Starting in 1926, Simon set out on a journey around the world with his artistic tools, taking impressions of the places he visited, from the United States to East Asia, India, Egypt and finally returning to Europe.  He was inspired by the places he had visited and created many works from his traveling sketches and impressions. After returning, Simon took a professorship at the Academy of Arts in Prague (where he was first educated), and taught graphic arts.  He took his job very seriously, teaching his students about all aspects of printmaking as well as teaching them about the history of graphic arts. Unfortunately, he had very little time left over for his own art.  The Nazi occupation of Czechoslovakia led to the closing of the Academy in 1939.  The stresses of another war plus a decline in Simon's health led to his death in 1942.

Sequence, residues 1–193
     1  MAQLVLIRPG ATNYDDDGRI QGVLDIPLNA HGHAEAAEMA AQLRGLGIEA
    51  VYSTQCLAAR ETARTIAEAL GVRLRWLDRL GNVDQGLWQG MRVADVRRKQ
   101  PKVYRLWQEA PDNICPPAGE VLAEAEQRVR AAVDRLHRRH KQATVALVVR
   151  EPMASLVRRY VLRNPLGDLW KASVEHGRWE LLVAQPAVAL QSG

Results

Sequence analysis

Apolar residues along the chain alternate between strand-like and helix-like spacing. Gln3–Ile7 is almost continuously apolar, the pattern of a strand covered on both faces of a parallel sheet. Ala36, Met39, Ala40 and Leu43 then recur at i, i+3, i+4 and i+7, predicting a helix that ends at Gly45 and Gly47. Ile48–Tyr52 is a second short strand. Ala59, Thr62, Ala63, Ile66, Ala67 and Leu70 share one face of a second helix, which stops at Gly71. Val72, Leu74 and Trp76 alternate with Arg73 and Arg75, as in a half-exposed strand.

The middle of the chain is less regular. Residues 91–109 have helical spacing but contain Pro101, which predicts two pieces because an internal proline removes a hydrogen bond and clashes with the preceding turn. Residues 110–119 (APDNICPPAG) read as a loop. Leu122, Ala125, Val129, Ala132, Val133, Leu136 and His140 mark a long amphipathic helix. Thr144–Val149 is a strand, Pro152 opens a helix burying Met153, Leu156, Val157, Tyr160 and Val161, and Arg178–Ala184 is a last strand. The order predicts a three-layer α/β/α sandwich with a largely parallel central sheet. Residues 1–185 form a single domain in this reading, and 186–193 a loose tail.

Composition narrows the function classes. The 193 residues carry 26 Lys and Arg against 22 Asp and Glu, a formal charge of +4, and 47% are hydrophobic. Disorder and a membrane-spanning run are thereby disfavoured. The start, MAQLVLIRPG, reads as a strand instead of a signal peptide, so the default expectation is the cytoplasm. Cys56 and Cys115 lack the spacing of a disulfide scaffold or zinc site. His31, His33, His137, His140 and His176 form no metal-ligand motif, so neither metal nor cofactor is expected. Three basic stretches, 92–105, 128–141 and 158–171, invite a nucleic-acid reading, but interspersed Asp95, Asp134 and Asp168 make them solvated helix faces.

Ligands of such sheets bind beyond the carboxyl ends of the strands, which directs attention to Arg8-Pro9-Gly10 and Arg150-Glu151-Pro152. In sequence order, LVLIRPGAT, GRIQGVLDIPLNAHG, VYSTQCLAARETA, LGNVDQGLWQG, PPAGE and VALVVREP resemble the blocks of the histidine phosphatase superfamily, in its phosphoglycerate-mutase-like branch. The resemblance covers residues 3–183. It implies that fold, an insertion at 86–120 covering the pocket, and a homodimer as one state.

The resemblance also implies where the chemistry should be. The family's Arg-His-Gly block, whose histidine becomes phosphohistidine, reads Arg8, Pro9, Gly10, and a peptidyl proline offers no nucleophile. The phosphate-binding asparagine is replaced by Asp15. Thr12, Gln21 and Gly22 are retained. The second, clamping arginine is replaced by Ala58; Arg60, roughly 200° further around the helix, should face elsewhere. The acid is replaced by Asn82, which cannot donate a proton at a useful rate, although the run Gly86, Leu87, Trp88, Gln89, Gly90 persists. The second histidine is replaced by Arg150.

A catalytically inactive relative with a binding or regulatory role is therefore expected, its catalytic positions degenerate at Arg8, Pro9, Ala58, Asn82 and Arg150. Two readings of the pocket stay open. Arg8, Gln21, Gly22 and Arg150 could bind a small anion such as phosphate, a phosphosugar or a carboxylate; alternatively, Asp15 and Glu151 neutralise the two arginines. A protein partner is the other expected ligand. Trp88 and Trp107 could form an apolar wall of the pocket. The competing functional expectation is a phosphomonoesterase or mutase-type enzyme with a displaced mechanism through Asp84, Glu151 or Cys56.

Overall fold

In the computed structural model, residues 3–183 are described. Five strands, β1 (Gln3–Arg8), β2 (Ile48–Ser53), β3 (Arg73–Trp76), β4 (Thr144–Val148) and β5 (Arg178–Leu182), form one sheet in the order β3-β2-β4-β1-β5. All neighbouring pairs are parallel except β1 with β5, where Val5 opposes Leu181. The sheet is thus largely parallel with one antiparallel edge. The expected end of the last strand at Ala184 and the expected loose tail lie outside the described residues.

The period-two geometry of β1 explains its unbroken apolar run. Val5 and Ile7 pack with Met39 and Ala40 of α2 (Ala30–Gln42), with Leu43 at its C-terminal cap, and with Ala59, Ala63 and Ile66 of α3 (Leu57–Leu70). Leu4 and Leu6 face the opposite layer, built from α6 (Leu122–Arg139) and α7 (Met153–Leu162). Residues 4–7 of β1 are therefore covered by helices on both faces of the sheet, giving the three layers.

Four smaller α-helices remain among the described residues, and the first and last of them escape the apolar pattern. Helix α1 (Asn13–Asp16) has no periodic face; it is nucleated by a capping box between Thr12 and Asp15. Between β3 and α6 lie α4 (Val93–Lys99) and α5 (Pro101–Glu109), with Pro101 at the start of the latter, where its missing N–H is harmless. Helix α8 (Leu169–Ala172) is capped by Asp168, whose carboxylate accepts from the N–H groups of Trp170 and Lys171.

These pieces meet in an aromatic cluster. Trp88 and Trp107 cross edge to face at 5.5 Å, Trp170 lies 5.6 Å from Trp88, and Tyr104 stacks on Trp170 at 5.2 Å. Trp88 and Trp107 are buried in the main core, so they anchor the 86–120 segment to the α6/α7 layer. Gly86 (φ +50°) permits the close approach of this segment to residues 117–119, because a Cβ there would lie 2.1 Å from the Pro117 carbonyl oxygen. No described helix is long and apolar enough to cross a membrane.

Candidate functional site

Up through 1937, Simon had made approximately 626 graphic works, using a wide variety of printing methods.  Even though Simon was a very prolific artist, there is not a lot of information about him.  World War II followed by the Communist regime in eastern Europe reduced western access to many of his works.  With the opening up of Czechoslovakia and modern interest in art from that era, there has been a well-deserved though modest revival of his life and work.

    T. Frantisek Simon, Czech, 1877-1942. Nocturne of Stamberk Village, 1918. Etching with aquatint printed in color on cream laid paper. Gift of Mrs. William A. Small Jr. (Susan Spencer, class of 1948). Photography by Petegorsky/Gipe. SC 1984:21-2

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  • Wednesday, November 11, 2015

    Death Intoxicates

    This piece discusses works from the The Gladys Engel Lang and Kurt Lang Collection, a collection of prints recently donated to the Museum.